Kathleen Baker has Crohn’s disease, but she medaled at the 2016 Rio Olympic Games.
For 19-year-old American backstroker Kathleen Baker, her journey to the Olympics was not an easy one. Baker was diagnosed with Crohn’s disease at 12, a chronic gastrointestinal condition where the intestines are inflamed and ulcered.
But along with the support of qualified doctors, caring friends and family, Baker was able to defy the odds against her. She won the silver medal in the 100 metres women’s backstroke event in Rio earlier this week.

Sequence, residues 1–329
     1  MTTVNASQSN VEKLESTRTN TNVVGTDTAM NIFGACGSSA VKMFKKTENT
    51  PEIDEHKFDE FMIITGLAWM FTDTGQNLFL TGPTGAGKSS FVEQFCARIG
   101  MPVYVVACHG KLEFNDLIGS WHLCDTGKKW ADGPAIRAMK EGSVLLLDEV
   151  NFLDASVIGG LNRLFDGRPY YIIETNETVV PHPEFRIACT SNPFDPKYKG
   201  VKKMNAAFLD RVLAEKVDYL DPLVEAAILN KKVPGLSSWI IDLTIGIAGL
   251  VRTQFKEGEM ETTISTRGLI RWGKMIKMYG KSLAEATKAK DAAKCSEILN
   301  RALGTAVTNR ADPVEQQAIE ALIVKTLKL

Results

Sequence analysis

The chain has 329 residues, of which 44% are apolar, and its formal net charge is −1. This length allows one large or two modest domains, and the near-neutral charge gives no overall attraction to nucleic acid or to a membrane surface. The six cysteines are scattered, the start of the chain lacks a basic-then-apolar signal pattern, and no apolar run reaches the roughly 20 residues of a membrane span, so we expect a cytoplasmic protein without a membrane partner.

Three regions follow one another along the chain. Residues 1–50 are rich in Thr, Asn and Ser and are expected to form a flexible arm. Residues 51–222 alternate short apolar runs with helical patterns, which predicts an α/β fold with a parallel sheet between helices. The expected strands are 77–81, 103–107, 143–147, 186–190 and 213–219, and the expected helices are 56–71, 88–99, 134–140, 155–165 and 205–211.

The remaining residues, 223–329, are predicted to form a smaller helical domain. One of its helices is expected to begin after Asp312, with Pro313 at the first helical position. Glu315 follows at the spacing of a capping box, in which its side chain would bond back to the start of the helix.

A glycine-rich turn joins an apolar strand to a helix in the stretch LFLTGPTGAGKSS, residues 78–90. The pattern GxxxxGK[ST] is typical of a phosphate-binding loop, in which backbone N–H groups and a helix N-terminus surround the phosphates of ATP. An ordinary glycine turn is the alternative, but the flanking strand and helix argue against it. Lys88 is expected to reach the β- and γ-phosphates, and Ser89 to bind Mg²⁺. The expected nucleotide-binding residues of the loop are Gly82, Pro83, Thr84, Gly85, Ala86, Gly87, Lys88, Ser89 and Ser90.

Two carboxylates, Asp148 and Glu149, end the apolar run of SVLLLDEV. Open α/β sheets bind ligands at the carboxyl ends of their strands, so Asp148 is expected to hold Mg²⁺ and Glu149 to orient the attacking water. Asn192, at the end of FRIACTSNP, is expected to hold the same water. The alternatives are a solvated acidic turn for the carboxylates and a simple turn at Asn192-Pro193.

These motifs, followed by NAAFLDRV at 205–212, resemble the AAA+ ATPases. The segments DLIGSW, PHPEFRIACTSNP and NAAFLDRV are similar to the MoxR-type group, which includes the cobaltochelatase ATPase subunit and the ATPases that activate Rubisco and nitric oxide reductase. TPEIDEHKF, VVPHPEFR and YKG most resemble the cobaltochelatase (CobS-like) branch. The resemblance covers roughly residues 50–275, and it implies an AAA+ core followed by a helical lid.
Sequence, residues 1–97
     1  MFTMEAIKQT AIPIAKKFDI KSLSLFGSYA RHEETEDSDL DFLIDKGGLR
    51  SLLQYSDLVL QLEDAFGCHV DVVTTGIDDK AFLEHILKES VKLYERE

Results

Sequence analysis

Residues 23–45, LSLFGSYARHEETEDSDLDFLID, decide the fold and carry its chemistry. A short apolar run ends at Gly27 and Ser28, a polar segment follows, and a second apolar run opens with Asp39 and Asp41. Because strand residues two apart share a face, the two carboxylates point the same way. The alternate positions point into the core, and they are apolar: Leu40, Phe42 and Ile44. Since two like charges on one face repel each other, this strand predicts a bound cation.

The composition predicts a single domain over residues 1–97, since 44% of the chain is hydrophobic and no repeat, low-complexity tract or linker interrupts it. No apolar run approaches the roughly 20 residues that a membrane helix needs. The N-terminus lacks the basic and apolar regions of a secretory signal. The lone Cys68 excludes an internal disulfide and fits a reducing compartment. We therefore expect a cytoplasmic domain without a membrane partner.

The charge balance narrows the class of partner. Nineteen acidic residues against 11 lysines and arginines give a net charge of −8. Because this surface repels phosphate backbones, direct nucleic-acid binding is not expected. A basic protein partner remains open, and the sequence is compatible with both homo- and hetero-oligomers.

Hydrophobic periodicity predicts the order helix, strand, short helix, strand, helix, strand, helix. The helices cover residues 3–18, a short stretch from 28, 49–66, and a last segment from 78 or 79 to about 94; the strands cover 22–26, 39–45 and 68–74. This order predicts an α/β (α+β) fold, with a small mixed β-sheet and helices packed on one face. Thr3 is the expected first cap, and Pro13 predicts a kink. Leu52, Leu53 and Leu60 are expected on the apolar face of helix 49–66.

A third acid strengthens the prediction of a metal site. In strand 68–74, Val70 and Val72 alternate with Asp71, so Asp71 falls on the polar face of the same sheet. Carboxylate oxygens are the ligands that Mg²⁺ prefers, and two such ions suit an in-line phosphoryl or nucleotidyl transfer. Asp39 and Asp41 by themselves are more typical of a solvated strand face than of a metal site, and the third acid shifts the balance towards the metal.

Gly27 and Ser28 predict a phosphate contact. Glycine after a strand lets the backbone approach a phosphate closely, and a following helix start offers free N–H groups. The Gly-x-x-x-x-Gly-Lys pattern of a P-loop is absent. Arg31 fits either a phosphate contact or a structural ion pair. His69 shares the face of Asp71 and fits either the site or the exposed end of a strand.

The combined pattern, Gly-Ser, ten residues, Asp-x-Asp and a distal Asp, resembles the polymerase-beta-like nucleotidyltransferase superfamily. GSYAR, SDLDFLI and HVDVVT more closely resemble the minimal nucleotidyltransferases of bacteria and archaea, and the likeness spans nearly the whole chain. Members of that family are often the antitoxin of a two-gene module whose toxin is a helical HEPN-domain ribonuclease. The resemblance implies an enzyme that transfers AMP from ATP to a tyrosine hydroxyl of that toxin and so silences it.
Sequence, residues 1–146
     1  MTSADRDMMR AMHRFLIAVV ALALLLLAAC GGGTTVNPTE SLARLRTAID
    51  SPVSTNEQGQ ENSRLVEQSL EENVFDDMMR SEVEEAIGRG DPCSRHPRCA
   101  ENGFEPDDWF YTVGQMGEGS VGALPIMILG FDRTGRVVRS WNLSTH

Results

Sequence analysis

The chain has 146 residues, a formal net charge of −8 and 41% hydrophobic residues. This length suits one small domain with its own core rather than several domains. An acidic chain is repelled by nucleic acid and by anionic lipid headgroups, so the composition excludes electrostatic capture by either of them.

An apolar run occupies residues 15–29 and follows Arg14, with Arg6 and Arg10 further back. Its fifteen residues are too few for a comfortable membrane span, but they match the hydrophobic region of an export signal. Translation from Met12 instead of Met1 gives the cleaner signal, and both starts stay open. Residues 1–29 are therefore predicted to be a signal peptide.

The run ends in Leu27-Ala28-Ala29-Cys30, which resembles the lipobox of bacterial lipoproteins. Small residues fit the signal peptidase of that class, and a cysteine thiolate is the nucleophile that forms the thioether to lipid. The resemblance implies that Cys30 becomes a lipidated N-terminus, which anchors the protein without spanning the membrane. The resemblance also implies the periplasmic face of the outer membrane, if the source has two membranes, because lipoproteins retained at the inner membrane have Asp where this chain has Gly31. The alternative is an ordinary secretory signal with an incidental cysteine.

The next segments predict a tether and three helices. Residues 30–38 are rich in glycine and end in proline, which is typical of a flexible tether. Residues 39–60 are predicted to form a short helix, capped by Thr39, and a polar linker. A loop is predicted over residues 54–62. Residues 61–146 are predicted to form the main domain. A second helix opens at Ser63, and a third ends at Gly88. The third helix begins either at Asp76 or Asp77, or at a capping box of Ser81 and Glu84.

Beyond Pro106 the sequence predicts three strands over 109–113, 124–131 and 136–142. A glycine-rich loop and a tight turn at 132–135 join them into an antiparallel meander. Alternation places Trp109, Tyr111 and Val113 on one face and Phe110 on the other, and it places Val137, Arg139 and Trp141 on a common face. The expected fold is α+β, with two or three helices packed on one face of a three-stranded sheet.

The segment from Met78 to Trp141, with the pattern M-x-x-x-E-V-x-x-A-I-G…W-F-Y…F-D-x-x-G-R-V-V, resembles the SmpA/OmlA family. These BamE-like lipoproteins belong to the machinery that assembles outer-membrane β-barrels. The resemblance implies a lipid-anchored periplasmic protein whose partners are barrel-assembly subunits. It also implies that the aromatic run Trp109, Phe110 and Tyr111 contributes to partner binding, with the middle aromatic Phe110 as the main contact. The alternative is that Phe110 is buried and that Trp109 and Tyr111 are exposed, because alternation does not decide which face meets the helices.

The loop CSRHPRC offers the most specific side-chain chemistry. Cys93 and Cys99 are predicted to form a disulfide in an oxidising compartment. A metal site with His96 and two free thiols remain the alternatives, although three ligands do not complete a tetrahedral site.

“I didn’t want to be known as that sick kid,” she tells the New York Times.
Her doctor, paediatric gastroenterologist Michael Kappelman, was at first concerned Baker’s goals mightn’t be realistic given the state of her condition. Fortunately, Dr Kappelman didn’t give up on Baker and her dreams.
“I found doctors who weren’t going to be just like, ‘You’re Kathleen with Crohn’s disease.’ I need to be Kathleen the swimmer with Crohn’s disease,” says Baker
More than 75,000 Australians suffer from Crohn’s disease or related ulcerative colitis. These diseases can make it hard for people with the condition to have a normal daily life, with frequent trips to the bathroom, nausea, stomach cramps, and diarrhoea.
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